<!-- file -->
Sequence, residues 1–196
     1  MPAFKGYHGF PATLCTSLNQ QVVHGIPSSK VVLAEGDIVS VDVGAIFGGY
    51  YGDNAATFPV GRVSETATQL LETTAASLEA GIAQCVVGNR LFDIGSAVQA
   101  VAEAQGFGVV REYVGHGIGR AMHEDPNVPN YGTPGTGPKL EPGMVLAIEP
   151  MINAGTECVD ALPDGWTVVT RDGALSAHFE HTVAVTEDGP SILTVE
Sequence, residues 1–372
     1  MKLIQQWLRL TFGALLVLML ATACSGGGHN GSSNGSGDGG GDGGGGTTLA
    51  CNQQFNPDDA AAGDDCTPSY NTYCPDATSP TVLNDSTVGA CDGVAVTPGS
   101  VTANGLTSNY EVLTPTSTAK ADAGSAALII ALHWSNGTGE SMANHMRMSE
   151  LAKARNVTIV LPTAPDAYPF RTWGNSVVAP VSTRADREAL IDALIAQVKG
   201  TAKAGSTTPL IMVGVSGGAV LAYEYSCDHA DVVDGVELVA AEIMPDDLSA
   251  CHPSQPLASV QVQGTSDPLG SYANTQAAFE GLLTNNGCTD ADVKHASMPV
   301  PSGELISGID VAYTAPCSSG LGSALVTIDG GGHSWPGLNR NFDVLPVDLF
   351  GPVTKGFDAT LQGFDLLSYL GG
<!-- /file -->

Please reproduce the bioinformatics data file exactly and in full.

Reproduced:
Sequence, residues 1–196
     1  MPAFKGYHGF PATLCTSLNQ QVVHGIPSSK VVLAEGDIVS VDVGAIFGGY
    51  YGDNAATFPV GRVSETATQL LETTAASLEA GIAQCVVGNR LFDIGSAVQA
   101  VAEAQGFGVV REYVGHGIGR AMHEDPNVPN YGTPGTGPKL EPGMVLAIEP
   151  MINAGTECVD ALPDGWTVVT RDGALSAHFE HTVAVTEDGP SILTVE
Sequence, residues 1–372
     1  MKLIQQWLRL TFGALLVLML ATACSGGGHN GSSNGSGDGG GDGGGGTTLA
    51  CNQQFNPDDA AAGDDCTPSY NTYCPDATSP TVLNDSTVGA CDGVAVTPGS
   101  VTANGLTSNY EVLTPTSTAK ADAGSAALII ALHWSNGTGE SMANHMRMSE
   151  LAKARNVTIV LPTAPDAYPF RTWGNSVVAP VSTRADREAL IDALIAQVKG
   201  TAKAGSTTPL IMVGVSGGAV LAYEYSCDHA DVVDGVELVA AEIMPDDLSA
   251  CHPSQPLASV QVQGTSDPLG SYANTQAAFE GLLTNNGCTD ADVKHASMPV
   301  PSGELISGID VAYTAPCSSG LGSALVTIDG GGHSWPGLNR NFDVLPVDLF
   351  GPVTKGFDAT LQGFDLLSYL GG